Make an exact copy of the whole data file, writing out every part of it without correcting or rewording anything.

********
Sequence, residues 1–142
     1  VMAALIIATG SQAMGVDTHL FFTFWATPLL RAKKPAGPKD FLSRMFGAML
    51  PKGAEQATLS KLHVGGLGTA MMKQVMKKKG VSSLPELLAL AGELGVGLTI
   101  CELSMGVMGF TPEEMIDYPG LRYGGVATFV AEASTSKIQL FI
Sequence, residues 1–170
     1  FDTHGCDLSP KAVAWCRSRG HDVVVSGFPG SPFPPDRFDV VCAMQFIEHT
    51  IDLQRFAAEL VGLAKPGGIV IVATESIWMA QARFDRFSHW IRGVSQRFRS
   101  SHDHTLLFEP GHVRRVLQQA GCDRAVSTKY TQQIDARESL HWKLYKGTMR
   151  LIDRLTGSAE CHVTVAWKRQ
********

Sequence, residues 1–142
     1  VMAALIIATG SQAMGVDTHL FFTFWATPLL RAKKPAGPKD FLSRMFGAML
    51  PKGAEQATLS KLHVGGLGTA MMKQVMKKKG VSSLPELLAL AGELGVGLTI
   101  CELSMGVMGF TPEEMIDYPG LRYGGVATFV AEASTSKIQL FI
Sequence, residues 1–170
     1  FDTHGCDLSP KAVAWCRSRG HDVVVSGFPG SPFPPDRFDV VCAMQFIEHT
    51  IDLQRFAAEL VGLAKPGGIV IVATESIWMA QARFDRFSHW IRGVSQRFRS
   101  SHDHTLLFEP GHVRRVLQQA GCDRAVSTKY TQQIDARESL HWKLYKGTMR
   151  LIDRLTGSAE CHVTVAWKRQ